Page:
AUBURN — School administrators have proposed cuts to four athletic programs to offset rising costs in transportation and athletic training.

The initial budget proposal of $58.9 million would be a 5.8% increase from the $55.7 million spending for this fiscal year that ends June 30.

The district will eliminate its Nordic ski and fall noncompetitive cheering programs, and the football and baseball teams will lose their first teams.

First teams are usually made up of freshmen, but may also include sophomores. The football and baseball programs would continue to support junior varsity and varsity teams.

“Nobody wants to make cuts or take away any opportunity from some kiddos, but we’re in a tough spot,” Athletic Director Todd Sampson said. “We’ve got to try to do our part to balance the budget and be mindful and respectful of the taxpayers.”

The cuts were made to impact the fewest number of students, he said. This year, there were four or five high school students and no middle school students in the Nordic ski program. Unable to hire a coach for this season, the district has been sending students to train with Leavitt Area High School’s team in Turner.


This model will continue, Sampson said. High school students will still be able to compete for Edward Little in Nordic skiing next year by training with Leavitt’s team in a cooperative agreement. Middle school students, however, will not be able to take part in the program.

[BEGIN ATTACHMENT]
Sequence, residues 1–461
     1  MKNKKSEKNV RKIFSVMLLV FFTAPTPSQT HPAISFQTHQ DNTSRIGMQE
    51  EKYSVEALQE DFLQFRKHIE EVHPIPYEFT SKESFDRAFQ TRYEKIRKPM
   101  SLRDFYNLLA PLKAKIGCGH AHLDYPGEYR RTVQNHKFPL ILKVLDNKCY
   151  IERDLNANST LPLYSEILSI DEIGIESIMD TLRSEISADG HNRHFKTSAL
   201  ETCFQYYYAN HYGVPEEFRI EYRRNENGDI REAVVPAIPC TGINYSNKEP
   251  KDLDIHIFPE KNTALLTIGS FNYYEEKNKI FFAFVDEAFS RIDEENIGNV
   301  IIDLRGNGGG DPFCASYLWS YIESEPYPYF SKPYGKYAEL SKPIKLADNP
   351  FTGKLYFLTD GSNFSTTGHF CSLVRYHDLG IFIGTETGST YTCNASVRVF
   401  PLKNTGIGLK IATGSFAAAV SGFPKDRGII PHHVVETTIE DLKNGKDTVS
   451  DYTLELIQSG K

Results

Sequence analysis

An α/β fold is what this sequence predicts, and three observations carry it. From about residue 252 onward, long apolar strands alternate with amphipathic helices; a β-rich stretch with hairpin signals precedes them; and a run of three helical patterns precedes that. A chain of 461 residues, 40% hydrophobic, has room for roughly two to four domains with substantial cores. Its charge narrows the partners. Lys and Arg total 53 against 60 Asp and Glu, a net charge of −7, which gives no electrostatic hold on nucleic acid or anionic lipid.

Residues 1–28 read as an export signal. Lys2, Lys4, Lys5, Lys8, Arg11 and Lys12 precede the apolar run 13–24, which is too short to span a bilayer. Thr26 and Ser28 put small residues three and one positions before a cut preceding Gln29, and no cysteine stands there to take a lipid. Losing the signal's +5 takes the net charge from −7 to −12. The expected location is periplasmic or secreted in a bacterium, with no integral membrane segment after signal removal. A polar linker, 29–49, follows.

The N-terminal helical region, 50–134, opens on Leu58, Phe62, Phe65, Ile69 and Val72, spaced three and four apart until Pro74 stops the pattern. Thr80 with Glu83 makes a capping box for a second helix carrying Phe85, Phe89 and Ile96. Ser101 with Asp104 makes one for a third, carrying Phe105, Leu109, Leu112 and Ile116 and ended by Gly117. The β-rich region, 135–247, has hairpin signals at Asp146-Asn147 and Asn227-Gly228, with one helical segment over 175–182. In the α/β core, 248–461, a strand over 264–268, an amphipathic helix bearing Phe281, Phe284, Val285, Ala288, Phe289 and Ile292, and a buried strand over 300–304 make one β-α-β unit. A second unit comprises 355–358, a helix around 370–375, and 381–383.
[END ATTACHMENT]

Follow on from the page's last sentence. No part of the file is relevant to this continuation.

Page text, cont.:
Similarly, participation in fall cheering has been low, Sampson said. In the past few years, the program has had less than 10 participants.

The team, which cheers for the football team, could continue if the district was able to find a volunteer coach, he said. Competitive winter cheering will continue.

For the football and baseball teams, cutting the first teams will have little impact, Sampson said. First team football hasn’t had enough players to compete since before the pandemic, and baseball has had just a few weekend games.

“It’s really not going to take away any opportunities from anybody,” Sampson said. “We’ll have a full roster for (junior varsity) and anybody that wants to play football (and baseball) still will be able to.”

By ending these four programs, the district estimates it will save nearly $35,000 from transportation and officiating costs, as well as coaching stipends. Significant increases in transportation and athletic training costs however mean the cost center will still increase by $307.

When athletes need to leave for competitions earlier than 4:30 p.m. on a school day, the district must hire a private company to provide transportation, Sampson said. Like many districts in the region, Auburn has struggled to hire enough bus drivers to meet its needs.

Sampson said he had not calculated the cost increase associated with hiring private transportation for students.

In addition to program cuts, administrators plan to eliminate 23.5 mostly vacant positions – 15.5 are teachers – to help balance its budget.

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